Should those in the advanced air mobility field be worried about the reported downturn in investment?

Even the experts don’t agree

A decline in investment toward small electric passenger aircraft measured by the McKinsey consulting firm in a recent report should not be viewed as evidence of mounting skepticism about the market’s viability, some experts caution. 

The July 19 report, “Future air mobility funding still flows, although down from 2021,” tallied up investments made toward development of aircraft ranging from electric passenger rotorcraft to supersonic and hypersonic planes.

Funds for the “passenger eVTOL” aircraft, the electric vertical takeoff and landing aircraft that are at the heart of the advanced air mobility movement, amounted to a little over $1 billion in the first half of 2022. That was less than half the amount received by the sector in the first half of 2021, said McKinsey’s Robin Riedel, a year that brought in a total of $5 billion for eVTOLs. Funding for the overall “future air mobility” category, including eVTOLs, was off pace too. About $2.2 billion arrived in the first half of this year compared to $6.9 billion for all of 2021.

Not all the news was bad for those developing futuristic aircraft. A continued strong showing was made by sustainable aviation, as the trend toward non-fossil fuels and electrification is known. Investments in that field this year include about $12.7 million for U.K.-based Cranfield Aerospace Solutions, which aims to convert existing aircraft to run on hydrogen. California-based Surf Air Mobility, which plans to electrify existing fleets, also has raised new money this year and plans to go public this summer in a $1.4 billion merger deal.

Should eVTOL believers be worried? The downturn in funding for their designs may just be one of the lulls that are common between investment rounds, Riedel cautioned.

“In this era, we see these investors considering all of these things — electric aircraft, electrification of existing aircraft, supersonic or hypersonic flight and sustainability,” Riedel said. 

“So I can tell you some of the people that invested in eVTOL last year were at the same time considering investing in sustainable aviation or drones. So it’s just a matter of timing, and they may all do another round of investment in eVTOL soon.”

To illustrate how some investors hedge their bets through variety, he noted that United Airlines last year invested in eVTOL startup Archer Aviation, supersonic airliner developer Boom Supersonic and in more conventional aviation ventures.

Other reviews about the report’s implications were less rosy. Bank of America analyst Ron Epstein told me that some eVTOL players could disappear soon. “You’ll see some shakeout in the industry, you’d probably see some consolidation and you’ll end up with fewer players, but they will still need more capital.”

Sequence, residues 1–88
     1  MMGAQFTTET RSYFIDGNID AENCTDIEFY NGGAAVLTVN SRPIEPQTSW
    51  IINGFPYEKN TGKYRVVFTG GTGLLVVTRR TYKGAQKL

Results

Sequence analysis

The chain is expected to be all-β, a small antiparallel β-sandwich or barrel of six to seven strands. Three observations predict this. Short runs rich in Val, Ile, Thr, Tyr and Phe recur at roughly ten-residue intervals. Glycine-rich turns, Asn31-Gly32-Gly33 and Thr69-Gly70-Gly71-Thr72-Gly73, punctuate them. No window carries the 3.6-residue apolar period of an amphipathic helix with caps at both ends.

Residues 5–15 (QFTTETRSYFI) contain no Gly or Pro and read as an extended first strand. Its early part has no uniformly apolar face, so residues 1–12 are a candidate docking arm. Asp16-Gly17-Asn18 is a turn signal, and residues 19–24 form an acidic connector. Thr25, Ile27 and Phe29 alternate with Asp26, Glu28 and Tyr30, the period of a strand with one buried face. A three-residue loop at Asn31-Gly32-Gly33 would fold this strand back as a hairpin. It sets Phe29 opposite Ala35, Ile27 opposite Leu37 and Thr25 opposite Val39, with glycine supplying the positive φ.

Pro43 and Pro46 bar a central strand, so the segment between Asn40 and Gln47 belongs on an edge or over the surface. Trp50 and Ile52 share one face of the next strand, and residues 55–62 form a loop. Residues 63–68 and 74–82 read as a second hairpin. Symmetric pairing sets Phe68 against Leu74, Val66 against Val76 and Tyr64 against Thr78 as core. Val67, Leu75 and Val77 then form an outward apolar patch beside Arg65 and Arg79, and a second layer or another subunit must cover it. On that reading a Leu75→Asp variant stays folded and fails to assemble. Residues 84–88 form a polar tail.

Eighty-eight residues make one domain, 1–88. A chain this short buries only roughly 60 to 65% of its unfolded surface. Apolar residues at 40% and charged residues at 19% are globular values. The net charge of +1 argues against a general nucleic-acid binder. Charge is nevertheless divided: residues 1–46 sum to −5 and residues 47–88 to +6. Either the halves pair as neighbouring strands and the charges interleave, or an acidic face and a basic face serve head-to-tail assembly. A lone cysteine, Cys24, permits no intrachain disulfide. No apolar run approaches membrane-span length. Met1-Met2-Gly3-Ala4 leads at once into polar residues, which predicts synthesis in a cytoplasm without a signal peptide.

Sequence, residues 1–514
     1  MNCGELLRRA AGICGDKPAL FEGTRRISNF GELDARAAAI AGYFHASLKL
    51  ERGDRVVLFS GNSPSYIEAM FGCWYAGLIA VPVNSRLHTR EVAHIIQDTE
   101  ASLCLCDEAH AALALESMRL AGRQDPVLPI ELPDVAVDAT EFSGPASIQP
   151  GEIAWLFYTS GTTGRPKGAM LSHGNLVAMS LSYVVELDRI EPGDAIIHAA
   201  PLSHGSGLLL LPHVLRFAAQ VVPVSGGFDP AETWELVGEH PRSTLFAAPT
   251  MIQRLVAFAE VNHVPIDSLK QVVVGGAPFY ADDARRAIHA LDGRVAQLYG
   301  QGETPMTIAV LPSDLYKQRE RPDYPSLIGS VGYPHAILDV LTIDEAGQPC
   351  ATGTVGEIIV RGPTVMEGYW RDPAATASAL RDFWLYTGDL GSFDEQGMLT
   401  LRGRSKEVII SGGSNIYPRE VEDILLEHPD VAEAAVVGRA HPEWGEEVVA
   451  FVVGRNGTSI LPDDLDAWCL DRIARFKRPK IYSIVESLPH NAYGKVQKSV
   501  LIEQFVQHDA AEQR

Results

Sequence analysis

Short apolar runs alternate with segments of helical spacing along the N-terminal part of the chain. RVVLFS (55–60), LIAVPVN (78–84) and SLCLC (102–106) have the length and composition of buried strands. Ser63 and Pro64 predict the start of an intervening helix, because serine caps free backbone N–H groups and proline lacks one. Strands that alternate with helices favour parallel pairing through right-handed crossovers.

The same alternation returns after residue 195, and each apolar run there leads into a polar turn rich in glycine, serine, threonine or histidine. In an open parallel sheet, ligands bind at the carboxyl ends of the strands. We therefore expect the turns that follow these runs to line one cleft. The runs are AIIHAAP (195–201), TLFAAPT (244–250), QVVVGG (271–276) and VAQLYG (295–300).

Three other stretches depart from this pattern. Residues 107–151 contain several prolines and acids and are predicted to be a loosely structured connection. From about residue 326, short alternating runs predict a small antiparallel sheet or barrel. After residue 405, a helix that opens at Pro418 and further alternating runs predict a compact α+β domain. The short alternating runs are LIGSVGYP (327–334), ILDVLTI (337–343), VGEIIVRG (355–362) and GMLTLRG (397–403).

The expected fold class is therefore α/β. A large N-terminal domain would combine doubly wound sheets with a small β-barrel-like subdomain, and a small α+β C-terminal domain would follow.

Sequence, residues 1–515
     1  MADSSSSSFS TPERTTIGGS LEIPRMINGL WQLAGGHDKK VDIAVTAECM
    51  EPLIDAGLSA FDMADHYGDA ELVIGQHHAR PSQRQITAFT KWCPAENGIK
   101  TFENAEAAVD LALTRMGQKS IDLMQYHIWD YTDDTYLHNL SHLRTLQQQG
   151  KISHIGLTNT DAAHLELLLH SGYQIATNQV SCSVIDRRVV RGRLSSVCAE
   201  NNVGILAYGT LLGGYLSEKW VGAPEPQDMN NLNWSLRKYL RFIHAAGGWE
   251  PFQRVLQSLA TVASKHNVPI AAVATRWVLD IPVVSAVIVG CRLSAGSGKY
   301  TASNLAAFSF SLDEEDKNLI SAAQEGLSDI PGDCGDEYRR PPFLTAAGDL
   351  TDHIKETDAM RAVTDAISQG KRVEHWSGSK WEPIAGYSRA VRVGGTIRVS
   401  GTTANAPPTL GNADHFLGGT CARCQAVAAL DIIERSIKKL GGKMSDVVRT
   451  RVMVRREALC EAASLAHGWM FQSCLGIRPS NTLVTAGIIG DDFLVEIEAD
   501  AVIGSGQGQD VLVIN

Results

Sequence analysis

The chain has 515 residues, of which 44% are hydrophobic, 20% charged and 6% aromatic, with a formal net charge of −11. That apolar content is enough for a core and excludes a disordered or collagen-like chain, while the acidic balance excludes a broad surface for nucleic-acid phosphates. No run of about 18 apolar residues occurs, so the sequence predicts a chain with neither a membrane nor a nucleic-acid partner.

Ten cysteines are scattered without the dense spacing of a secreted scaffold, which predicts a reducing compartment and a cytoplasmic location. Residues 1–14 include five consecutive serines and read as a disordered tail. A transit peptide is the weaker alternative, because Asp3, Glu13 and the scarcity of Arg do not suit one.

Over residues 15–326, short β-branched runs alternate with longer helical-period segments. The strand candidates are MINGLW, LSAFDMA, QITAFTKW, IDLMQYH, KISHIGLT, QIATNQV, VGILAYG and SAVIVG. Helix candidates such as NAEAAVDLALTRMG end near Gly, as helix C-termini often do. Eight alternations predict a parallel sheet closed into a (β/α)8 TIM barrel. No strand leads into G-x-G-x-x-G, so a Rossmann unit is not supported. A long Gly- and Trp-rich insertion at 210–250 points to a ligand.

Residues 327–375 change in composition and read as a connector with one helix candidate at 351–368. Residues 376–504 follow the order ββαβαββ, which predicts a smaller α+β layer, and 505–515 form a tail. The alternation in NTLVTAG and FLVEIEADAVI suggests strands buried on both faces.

Epstein said the surge in eVTOL investment last year, and the dropoff in such funding this year, can be explained partly by the economic environment.

“Money was flowing in 2021, and there was a huge risk appetite for that kind of investment in a new technology,” he said. “In the current environment, with interest rates going up and the economy on a different footing, there’s just less risk appetite, less liquidity.”

Epstein said he was impressed by the sustainability initiatives showcased at the Farnborough International Airshow in England last week by major companies like Airbus, Boeing and Embraer.

“I’m a big believer in sustainable aviation fuels, because it’s a logical path to take the existing fleet in the right direction,” Epstein said.

Among the eVTOL skeptics is Cranfield’s CEO Paul Hutton. He told me he believes the investment world has caught on to the severity of the challenges eVTOL makers are facing, particularly that powerful batteries degrade too soon if they are rapidly charged again and again.

Hutton expects to raise up to $25 million this year for his company.

After about two decades as a subcontractor to Airbus, Boeing, Raytheon and others, the company has struck out on its own initiative with the goal of building a 19-seat, zero-emissions aircraft with hydrogen propulsion.

“We know such a project is going to be very hard. So step one is Project Fresson, converting a Britten Norman Islander aircraft by transforming its propulsion system from conventional fossil fuel to that of gaseous hydrogen via a fuel cell and electric motor,” Hutton told me. “The end solution will be emissions-free air travel and is planned to be certified for passenger flight by 2025.”

Regarding eVTOL makers, “a lot of the startups make all sorts of assumptions that are just incorrect,” Hutton said. “For example, they will tell you the energy density of their batteries when the batteries are new, but a regulator only cares about the energy density of a battery on the day you retire it.”

Hutton said his company’s approach of modifying an existing aircraft also stands a better chance of being certified by regulators quickly compared to eVTOLs, which require regulators to approve entirely new airframe designs and propulsion systems.

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Should those in the advanced air mobility field be worried about the reported downturn in investment?